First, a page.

Rough Harvester Ants
Author: Ray Bowers

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Species: Pogonomyremex rugosus

Harvester ants are social insects with a red-brown to black body that is from 6 to 13mm ( 0.25 to 0.5in ) long depending on their caste. The head contains strong chewing mouthparts, medium sized eyes, elbowed antennae, and hairs on the underside of the head are used in carrying objects . The thorax has medium sized legs. The males and reproductive females are the only caste with four membranous wings, which are shed after mating. The workers are sterile females. There is a narrow connection between the thorax and abdomen that has an upright lobe. The abdomen of the females have a sting.

Geographic range:
Harvester ants are found worldwide, and are widespread across the Southwest. The rough harvester ant is found through New Mexico.

Harvester ants live in arid and semiarid areas. The number of colonies and size of the colonies is an indication of seed availability. The rough harvester ant is found through the Jornada Basin.

Food Web:
The harvester ants feed on seeds and plant materials. The seeds are collected and stored in the nest. The ants are in turn fed upon by a number of predators. One of the bird predators of the Jornada Basin is the curve-bill thrasher, and another predator is the horned lizard.

Reproduction and Development:
The male and reproductive female rough harvester ants emerge in the late summer after the summer rains for their mating flights. After the mating flight the males die and the females find a suitable site for a colony. Ants undergo a complete metamorphosis type of development. The queen cares for the first brood of workers, but after that the workers take care of the grub-like larva, and pupa stages.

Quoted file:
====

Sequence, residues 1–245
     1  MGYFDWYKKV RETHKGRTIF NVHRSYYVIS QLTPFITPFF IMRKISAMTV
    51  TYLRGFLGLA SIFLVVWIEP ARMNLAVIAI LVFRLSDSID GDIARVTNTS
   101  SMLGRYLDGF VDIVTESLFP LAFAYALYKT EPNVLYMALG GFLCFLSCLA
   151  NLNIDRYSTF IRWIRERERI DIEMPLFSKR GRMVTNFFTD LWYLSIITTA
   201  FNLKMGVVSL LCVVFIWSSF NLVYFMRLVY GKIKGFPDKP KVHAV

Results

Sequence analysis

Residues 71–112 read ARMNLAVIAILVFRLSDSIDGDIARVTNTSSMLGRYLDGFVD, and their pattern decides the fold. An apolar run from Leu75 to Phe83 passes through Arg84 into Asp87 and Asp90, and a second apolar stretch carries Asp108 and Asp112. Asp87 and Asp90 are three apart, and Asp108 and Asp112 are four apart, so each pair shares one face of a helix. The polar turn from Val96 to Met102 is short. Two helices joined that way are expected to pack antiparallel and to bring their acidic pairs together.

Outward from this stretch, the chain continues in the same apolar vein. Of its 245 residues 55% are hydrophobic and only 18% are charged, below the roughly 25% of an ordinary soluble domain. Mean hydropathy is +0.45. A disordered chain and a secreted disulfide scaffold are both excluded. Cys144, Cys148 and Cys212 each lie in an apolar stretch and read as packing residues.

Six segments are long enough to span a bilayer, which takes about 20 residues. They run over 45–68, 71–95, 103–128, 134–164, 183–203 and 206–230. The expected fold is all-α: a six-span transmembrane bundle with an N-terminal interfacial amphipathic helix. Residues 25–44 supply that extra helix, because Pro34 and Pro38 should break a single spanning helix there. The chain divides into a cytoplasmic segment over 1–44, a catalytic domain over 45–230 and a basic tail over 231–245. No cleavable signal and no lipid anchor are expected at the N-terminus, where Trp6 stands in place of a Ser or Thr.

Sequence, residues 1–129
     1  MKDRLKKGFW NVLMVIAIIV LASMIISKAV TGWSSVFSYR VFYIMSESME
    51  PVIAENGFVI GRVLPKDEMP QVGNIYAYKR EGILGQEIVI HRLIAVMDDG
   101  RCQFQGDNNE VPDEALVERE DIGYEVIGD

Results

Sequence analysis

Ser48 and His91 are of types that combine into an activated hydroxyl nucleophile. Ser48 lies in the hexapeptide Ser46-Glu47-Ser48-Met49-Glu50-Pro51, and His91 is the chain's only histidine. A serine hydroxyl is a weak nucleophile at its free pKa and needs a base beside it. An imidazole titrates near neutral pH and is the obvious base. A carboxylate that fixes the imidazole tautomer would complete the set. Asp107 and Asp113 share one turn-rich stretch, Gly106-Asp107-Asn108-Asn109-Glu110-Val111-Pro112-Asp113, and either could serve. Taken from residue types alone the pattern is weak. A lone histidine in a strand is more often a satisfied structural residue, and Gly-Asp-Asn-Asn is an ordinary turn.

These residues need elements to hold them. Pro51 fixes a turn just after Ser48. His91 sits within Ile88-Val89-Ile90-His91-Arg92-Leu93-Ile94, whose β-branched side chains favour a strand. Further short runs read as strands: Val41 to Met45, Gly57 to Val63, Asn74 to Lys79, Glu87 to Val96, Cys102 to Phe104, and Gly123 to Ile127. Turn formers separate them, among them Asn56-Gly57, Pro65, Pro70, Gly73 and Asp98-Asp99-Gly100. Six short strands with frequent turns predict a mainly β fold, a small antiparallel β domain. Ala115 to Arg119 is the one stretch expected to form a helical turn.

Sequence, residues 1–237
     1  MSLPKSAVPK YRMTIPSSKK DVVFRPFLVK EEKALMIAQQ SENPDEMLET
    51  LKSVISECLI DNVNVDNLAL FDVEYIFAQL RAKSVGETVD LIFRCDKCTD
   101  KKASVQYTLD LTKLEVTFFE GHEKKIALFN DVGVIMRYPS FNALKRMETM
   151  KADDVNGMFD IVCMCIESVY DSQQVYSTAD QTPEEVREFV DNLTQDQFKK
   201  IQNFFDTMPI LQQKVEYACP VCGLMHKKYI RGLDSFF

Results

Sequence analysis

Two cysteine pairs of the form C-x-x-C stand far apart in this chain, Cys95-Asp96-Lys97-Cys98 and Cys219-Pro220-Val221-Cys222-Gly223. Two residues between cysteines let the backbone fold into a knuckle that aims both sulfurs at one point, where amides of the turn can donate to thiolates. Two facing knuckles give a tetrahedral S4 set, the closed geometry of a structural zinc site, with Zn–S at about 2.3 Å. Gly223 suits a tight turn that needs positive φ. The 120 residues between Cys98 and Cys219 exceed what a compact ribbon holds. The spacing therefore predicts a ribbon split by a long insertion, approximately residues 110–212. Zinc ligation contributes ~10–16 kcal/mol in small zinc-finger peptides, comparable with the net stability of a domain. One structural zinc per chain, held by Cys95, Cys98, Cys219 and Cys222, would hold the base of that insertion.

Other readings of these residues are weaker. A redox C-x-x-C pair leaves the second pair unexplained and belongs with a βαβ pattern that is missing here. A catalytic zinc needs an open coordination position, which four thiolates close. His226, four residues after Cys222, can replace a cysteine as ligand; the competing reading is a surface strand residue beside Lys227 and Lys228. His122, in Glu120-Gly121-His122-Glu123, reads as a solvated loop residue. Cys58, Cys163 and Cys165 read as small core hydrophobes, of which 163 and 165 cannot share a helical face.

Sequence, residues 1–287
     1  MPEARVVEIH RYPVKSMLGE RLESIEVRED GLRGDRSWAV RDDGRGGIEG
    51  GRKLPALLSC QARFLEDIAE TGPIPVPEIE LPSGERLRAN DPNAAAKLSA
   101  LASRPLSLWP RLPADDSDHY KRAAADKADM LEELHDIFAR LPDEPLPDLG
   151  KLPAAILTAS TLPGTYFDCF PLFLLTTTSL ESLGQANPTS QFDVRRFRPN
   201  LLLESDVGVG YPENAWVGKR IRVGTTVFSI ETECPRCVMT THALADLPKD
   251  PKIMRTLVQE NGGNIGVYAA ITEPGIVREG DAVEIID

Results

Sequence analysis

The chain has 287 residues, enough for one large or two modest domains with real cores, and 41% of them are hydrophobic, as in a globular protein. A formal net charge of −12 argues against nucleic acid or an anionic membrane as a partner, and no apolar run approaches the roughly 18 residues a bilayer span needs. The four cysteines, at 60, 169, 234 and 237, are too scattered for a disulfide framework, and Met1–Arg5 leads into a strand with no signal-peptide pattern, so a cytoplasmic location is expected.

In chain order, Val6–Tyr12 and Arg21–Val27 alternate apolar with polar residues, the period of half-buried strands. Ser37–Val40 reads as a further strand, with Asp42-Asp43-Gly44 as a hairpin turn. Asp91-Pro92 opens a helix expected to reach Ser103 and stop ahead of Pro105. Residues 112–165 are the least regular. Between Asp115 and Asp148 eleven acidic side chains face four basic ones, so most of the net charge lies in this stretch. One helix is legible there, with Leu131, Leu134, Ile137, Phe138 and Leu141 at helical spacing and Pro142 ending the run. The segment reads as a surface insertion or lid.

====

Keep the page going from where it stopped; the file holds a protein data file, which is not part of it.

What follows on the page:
The harvester ants will clear a circular area around the colony and aggressively remove any plants that start to grow in the area. As their name implies the workers spread out from the colony to harvest plants and seeds, which are stored in the nest. Harvester ants use chemical secretion to communicate within or outside of the colony. The secretions may be used to leave trails or give an alarm. It has been observed that when the colony is under sever predation, the ants will remain inside of the colony. Harvester ants have a variety of defenses. The workers can sting or bite, and when the colony is being attacked they will swarm to the defense.

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Ecosystem roles:
Harvester ants feed on seeds and plant material, and remove all plant material around the colony. They are in turn fed upon by vertebrates such as birds and lizards and other insects.

The passageways within the nest provide aeration of the soil as well as allowing water infiltration.

Other info:
Some nest can extend to ten feet below the surface.


: Animalia
Phylum: Arthropoda
Subphylum: Atelocerata
Class: Hexapoda
Order: Hymenoptera
Family: Formicidae
Genus: Pogonomyremex
Species: Pogonomyremex rugosus

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Degenhardt, William G.,Charles W. Painter, and Andrew H. Price.1996. Amphibians and Reptiles of New Mexico . Albuquerque : University of New Mexico Press.

Larson, Peggy and Lane Larson. 1977. The Deserts of the Southwest. San Francisco : Sierra Club Books.

MacMahon. James A.1985. Deserts. New York : Alfred A Knopf, Inc.

New Mexico Game & Fish. 2000. Harvester ants, Pogonomyrmex. Biota Information System of New Mexico .

Peterson, Roger T and Virginia M. Peterson. 1990. A Field Guide to Western Birds. Boston : Houghton Mifflin Co.

Werner, Floyd and Carl Olson. 1994. Insects of the Southwest. Fisher Books, LLC.

Related Terms: Hexopoda, Insects